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Irish Voters Say 'Yes' to Legalizing Abortion: Pro-Life Groups Grieve

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Ireland has decided to legalize abortion, despite its reputation as one of the staunchest Catholic countries in the world.

In a referendum on Amendment 8, which basically banned abortion, the Irish people by more than two-to-one have voted to repeal that amendment to their constitution.

Elections official Barry Ryan said more than 1.4 million voters, or 66 percent of those who cast valid ballots, favored repealing the Eighth Amendment of the Irish Constitution while roughly 724,000 wanted to keep the abortion ban in place.

Irish Prime Minister Leo Varadkar said he'll work with Ireland's parliament to pass a new, liberalized abortion law in the next few months.

He framed the vote as the Irish trusting women to make the right choices about their own healthcare.

But pro-life groups who don't see abortion as healthcare but the killing of innocent unborn children were quick to react with grief to the vote.

Here in the U.S., the Catholic Association Foundation's Andrea Picciotti-Bayer stated, "Ireland's repeal of its 8th Amendment recognizing 'the right to life of the unborn' reflects the grim influence of the culture of death."

Ideological Colonization

Ashley McGuire of The Catholic Association blamed vote on the influence of outside groups.

"The Repeal the 8th Campaign was a classic example of ideological colonization: it was imported and funded by extreme, pro-abortion special interest groups from outside of Ireland who could not tolerate the reality that Ireland proved that women don't need abortion to flourish and thrive," McGuire explained.

Marjorie Dannenfelser, head of the pro-life Susan B. Anthony List, weighed in, saying "The result of today's referendum is a profound tragedy for the Irish people and the entire world.  While other Western nations including the United States acquiesced to the extreme abortion lobby, Ireland has been a shining beacon of hope for its strong defense of unborn children and their mothers."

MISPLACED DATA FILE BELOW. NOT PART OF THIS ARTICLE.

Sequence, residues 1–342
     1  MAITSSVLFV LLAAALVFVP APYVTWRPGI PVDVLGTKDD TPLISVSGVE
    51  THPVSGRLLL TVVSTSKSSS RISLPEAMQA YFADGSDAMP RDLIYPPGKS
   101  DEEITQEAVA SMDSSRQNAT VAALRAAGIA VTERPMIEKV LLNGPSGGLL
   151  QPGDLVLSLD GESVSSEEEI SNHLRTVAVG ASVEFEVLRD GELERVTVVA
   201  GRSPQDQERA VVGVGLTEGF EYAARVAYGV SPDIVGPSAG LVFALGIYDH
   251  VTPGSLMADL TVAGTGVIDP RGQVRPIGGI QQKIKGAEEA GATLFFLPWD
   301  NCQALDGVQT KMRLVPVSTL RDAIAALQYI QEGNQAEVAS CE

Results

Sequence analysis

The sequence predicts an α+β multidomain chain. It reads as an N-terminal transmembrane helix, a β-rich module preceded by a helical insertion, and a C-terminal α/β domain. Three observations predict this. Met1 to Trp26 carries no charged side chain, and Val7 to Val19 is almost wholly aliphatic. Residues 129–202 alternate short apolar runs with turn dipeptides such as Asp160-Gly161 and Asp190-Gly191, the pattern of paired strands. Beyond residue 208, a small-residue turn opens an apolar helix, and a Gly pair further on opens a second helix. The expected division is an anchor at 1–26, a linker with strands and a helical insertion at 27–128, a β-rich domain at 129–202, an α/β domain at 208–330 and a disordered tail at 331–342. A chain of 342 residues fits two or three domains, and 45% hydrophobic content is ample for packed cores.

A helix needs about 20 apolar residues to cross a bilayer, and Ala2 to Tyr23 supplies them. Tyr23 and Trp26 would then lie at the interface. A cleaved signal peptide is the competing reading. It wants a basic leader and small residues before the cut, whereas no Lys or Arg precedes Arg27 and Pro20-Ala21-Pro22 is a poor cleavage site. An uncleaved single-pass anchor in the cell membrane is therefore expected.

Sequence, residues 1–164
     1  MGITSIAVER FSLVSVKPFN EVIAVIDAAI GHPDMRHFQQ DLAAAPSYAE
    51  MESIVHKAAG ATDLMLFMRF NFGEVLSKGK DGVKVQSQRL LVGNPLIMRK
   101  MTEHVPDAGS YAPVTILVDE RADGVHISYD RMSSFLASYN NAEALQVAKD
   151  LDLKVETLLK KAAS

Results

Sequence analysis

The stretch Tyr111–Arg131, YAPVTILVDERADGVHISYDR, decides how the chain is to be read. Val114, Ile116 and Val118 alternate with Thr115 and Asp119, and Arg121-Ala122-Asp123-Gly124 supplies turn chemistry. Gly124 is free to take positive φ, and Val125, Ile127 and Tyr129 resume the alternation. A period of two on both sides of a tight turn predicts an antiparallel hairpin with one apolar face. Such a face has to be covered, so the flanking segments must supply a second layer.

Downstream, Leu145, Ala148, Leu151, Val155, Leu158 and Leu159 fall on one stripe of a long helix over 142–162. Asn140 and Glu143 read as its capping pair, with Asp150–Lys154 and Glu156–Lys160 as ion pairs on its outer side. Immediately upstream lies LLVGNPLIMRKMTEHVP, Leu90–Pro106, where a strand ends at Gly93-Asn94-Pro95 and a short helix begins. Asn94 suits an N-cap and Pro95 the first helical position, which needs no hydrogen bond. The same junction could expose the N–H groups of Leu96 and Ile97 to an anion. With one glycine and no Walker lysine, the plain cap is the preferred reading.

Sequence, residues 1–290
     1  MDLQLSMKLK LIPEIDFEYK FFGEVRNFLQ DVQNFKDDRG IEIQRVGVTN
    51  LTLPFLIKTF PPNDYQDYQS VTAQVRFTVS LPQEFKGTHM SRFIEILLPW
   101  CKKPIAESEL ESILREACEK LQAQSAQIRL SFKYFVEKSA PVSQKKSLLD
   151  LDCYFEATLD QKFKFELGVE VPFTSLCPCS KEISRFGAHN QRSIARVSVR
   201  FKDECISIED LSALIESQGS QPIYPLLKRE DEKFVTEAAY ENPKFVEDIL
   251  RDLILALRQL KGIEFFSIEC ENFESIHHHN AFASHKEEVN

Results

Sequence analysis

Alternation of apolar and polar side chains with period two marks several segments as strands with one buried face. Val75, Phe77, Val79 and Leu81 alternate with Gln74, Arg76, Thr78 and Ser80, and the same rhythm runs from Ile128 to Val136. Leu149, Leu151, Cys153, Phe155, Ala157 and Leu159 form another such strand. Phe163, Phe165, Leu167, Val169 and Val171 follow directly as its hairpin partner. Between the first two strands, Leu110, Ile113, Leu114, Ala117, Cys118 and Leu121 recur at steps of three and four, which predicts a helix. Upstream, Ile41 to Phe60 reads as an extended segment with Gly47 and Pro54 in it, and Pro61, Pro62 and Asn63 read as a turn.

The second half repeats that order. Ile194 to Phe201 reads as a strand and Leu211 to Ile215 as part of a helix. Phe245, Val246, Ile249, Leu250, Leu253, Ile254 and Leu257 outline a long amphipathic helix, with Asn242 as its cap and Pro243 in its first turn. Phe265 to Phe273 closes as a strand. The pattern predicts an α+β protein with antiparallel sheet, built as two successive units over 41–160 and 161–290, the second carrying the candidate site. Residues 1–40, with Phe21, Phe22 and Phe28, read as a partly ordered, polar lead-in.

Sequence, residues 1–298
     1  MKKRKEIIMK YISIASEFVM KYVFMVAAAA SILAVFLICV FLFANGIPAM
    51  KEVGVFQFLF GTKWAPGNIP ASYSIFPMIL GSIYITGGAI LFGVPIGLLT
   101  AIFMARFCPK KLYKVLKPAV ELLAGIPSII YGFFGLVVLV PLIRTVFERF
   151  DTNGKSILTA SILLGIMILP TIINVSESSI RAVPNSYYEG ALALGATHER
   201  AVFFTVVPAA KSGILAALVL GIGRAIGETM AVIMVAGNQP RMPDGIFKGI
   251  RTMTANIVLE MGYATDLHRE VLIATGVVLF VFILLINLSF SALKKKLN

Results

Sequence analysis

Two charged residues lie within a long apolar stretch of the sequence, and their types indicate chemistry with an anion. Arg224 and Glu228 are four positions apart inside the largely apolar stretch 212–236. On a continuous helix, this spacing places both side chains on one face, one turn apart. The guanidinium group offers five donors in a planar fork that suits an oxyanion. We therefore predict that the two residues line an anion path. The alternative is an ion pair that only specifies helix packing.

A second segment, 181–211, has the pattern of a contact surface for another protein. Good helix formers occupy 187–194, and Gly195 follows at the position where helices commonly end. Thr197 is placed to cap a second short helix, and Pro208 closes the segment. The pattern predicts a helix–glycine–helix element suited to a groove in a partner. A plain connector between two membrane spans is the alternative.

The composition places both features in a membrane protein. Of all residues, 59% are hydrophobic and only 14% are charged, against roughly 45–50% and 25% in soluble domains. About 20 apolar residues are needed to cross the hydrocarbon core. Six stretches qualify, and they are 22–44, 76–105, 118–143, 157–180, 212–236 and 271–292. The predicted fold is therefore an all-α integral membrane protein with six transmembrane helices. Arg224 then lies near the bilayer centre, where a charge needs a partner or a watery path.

Grave and Irreversible Consequences

"We are deeply saddened to learn that many Irish people voted against love and life by repealing the 8th Amendment," March for Life President Jeanne Mancini stated.  "Americans know from experience that there will be many grave and irreversible consequences of this decision, including the loss of precious lives."

Americans United for Life's Catherine Glenn Foster pointed out her group played a pivotal role in creating the 8th Amendment back in 1979, "making Ireland one of the strongest pro-life nations in Europe.   Today, the AUL legal team is saddened that the people of Ireland have paved the way for abortion on demand in their country."

The Coming Loss of Life of Little Irish Boys and Girls

"We are heartbroken that Ireland has succumbed to a false notion of choice that pits mothers' rights against children's lives, rather than remaining a culture of life which respects both," stated The Catholic Association's Maureen Malloy Ferguson.  "When a country legalizes abortion, the rates of abortion increase significantly.  We are deeply saddened at the coming loss of little Irish boys and girls, and for the mothers' who will suffer that loss."

These pro-life leaders all tried to look toward a more positive future.

This Is Not The Path To Equality With Men

Ferguson's colleague Ashley McGuire said, "Pro-lifers are disappointed, but confident we will one day overcome and put to rest once and for all the patriarchal lie that the only path to equality with men involves the violent killing of our own children. That fight, the fight to build a society where all people have the right to life, is not over until it's won."

Comparing this vote to America's Roe v. Wade, Dannenfelser added, "As long as there is a vitally active pro-life movement fighting to protect mothers and save babies' lives, we believe Ireland's Roe will one day be overturned and its deep pro-life roots reflected in its laws once again."

AUL's Foster concluded, "If the global pro-life movement continues to work together to advance the cause of life, we have every faith that we will see a day when everyone is welcomed in life and protected in law."

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About The Author


As a freelance reporter for CBN's Jerusalem bureau and during 27 years as senior correspondent in CBN's Washington bureau, Paul Strand has covered a variety of political and social issues, with an emphasis on defense, justice, government, and God’s providential involvement in our world. Strand began his tenure at CBN News in 1985 as an evening assignment editor in Washington, D.C. After a year, he worked with CBN Radio News for three years, returning to the television newsroom to accept a position as a senior editor in 1990. Strand moved back to the nation's capital in 1995 and then to